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This graphic novel is a meticulous and rich biographical portrait of Alan Turing, a mathematical genius and World War II codebreaker. One the challenges for both the graphic artist and the author of the corresponding text was to make complex mathematical content accessible to the casual reader while maintaining details that would fascinate and satisfy those well versed in advanced mathematical theory and its application to codebreaking. Liberge and Delalande were mostly successful on this front, but there were times when the story dragged under the weight of the exacting description of how Turing and his colleagues in British Government Code and Cypher School cracked the code created by Germany’s Enigma machines. Sometimes authors run the risk of falling in love with their research to the detriment of the plot and pacing of their manuscript; this has to have been doubly tempting for Éric Liberge and Arnaud Delalande because they had access to newly declassified information only made available in 2012.
The story of Turing’s life, including its brutal end, is included in the synopsis, but the biographical sketch does not diminish the skilled presentation of the mathematical genius’s personal journey. Turing died alone in poverty, like fellow creative genius Nikola Tesla who is best known for his invention of the alternating-current (AC) delivery method of electricity. Both men died in the grips of madness, with their reputations in shambles, while their achievements faded into obscurity. The innovations of both Turing and Tesla paved the way for modern computing and wireless technology, yet are often left out of the history books. The cause of Turing’s breakdown was different than Tesla’s; it was the result of homophobic laws that criminalized homosexuality. Alan Turing was driven over the edge when he was shoved out of the closet and given the choice of chemical castration or incarceration.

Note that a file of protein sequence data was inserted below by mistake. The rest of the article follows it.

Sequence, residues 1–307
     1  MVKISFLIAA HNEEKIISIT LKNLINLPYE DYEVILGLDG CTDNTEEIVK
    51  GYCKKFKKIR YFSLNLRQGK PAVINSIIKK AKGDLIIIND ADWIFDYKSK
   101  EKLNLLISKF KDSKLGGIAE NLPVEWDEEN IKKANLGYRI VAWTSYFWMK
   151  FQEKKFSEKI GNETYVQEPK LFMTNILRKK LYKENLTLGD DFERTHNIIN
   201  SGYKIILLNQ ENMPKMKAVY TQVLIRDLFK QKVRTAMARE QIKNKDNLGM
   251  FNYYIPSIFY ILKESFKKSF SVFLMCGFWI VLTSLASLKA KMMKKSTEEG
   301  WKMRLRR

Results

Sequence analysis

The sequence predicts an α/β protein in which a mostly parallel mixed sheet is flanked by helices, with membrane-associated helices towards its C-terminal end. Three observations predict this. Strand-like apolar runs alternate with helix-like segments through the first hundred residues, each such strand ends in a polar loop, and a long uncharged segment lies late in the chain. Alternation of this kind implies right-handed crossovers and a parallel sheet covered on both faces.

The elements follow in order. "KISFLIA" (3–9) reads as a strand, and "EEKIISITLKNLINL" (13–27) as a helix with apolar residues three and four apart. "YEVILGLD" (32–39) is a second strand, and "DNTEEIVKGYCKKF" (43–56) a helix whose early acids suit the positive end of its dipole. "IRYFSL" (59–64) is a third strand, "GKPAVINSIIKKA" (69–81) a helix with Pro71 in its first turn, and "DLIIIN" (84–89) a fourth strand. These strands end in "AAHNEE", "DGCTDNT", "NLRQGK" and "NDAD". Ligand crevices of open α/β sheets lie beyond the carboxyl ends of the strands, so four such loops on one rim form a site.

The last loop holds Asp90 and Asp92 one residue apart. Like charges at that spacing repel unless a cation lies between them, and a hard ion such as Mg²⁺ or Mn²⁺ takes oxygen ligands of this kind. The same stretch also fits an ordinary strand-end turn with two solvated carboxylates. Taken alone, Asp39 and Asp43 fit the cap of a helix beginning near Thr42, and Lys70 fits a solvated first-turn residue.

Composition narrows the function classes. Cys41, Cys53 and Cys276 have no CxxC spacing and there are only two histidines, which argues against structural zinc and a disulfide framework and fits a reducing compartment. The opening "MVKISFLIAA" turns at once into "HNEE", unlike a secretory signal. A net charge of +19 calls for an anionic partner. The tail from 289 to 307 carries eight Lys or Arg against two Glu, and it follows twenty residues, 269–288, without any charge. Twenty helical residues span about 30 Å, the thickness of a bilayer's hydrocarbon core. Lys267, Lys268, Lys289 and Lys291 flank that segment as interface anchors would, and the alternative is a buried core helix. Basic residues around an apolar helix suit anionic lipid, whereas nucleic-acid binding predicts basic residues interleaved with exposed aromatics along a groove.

A strong suit of The Case of Alan Turing is how the graphic artist makes Turing’s internal life—from his brief flickers of joy to the unrelenting impact of living in the closet—tangible and concrete. Turing’s fantasy life is lush and at times an escape valve that relieves the constant pressure of secrecy, vigilance, and self-doubt. The angst and joy intertwined on these pages depict Turing’s complexity in a way that would not be possible in a traditional text-only biography. Each page is worth a long and thoughtful examination. Subsequent readings of this novel can afford a reader the opportunity to appreciate the nuance and attention to detail in Éric Liberge’s artistic vision. The other gift of the visual presentation is that it makes the technical details of cryptology more accessible. This provides a casual reader with the opportunity to be drawn in and learn things that in the absence of a visual aid would be conceptually beyond their reach.
One of the strengths of this graphic novel is intertwined with one of it’s weaknesses: the thorough, detail-oriented presentation of Éric Liberge and Arnaud Delalande’s historical research. The Case of Alan Turing is a great launching point for academic exploration. It includes the major players in World War II, presents this point in history from the British perspective, and provides military context for advances in cryptography. This novel provides a framework for interdepartmental study of world history, including the often invisible impact of homophobia and LGBT+ motivated hate crimes. It is important to bring these grim realities to light and make visible things that have been categorically hidden or conveniently forgotten. The Case of Alan Turing would be a valuable addition to any library: personal, artistic, or academic.
The Case of Alan Turing: The Extraordinary and Tragic Story of the Legendary Codebreaker
By Éric Liberge and Arnaud Delalande
Arsenal Pulp Press
Hardcover, 9781551526508, 114 pp.